Flora and fauna

Because of the shelter and protection provided by the miles of braided hawthorn and blackthorn bushes, many unusual and sometimes even endangered animal and plant species are found in The Maasheggen.

Both beaver and badger thrive in the area. As do large flocks of blackbirds and redwings, which descend from the cold north on the branches of the hawthorns in the fall. These branches hang down due to the weight of the many red berries. The black redstart also likes to visit the Maasheggen. The old knots in hawthorn trunks and pollarded trees are ideal for nesting, also for the little owl.

Life at Maasheggen!

The monumental hawthorn and blackthorn bushes can live to be several centuries old, also because the species in the area appear to be very resistant to disease. More than forty varieties of the shrubs occur. In March and April, an impressive mass of blossom appears on the bare branches, in colors from pure white to dark pink. Another beautiful color commonly seen in the area is the red of the fruits of the wild cardinal's hat.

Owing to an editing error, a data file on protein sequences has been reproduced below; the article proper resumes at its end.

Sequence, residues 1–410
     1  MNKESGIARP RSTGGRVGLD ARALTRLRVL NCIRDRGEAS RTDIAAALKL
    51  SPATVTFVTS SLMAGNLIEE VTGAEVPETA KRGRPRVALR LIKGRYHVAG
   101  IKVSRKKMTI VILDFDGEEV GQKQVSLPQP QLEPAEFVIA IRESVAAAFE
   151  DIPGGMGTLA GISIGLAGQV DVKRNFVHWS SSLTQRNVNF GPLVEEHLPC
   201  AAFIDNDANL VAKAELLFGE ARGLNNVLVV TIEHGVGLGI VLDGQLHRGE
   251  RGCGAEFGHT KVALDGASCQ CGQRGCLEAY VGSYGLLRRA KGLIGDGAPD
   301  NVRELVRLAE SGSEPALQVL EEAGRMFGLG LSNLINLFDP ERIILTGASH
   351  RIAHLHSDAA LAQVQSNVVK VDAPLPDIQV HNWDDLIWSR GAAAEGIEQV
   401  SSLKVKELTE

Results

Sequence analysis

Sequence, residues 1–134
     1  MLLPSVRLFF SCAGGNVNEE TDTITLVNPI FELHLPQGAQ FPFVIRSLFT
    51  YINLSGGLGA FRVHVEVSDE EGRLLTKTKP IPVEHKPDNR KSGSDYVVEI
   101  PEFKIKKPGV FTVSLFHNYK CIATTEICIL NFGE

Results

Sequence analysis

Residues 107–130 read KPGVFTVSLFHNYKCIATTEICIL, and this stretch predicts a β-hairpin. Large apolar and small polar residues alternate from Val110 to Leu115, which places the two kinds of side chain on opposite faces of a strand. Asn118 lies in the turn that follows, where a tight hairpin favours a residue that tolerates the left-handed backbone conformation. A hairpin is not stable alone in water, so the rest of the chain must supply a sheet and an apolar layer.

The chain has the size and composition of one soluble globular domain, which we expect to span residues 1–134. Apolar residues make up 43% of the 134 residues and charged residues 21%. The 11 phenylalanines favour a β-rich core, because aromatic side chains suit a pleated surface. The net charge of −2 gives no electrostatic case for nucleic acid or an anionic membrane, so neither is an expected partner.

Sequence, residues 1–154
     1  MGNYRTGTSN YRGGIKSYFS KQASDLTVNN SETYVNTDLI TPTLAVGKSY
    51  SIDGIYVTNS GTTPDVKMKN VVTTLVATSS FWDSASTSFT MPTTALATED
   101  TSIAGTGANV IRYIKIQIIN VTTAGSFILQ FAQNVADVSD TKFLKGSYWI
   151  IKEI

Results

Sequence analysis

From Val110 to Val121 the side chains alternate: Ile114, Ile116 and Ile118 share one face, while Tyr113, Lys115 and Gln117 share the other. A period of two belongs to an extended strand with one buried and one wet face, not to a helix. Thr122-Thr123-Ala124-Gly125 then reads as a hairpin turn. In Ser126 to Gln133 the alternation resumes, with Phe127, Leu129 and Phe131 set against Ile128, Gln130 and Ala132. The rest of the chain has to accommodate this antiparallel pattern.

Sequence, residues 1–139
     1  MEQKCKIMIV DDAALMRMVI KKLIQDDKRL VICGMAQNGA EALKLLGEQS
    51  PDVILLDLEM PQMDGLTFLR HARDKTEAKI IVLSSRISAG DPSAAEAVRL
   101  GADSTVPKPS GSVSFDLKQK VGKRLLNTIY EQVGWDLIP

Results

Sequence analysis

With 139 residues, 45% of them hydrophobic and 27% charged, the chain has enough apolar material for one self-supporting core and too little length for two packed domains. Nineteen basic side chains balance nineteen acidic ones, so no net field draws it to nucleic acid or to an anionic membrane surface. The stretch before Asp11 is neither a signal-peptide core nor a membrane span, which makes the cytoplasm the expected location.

The drinking pools in the meadows are not only important sources of water for livestock, they also provide a great diversity of species of toads, frogs and salamanders. These amphibians, which live in the hedgerows, lay their eggs in the pools in the spring. The most distinctive is the crested newt, which is very rare. They have a toothed dorsal crest in spring. This somewhat fearsome appearance contrasts with the many beautiful butterflies found in the Maasheggen. For example, the orange tip, which finds its nectar in the pinky flowers.

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illustration badger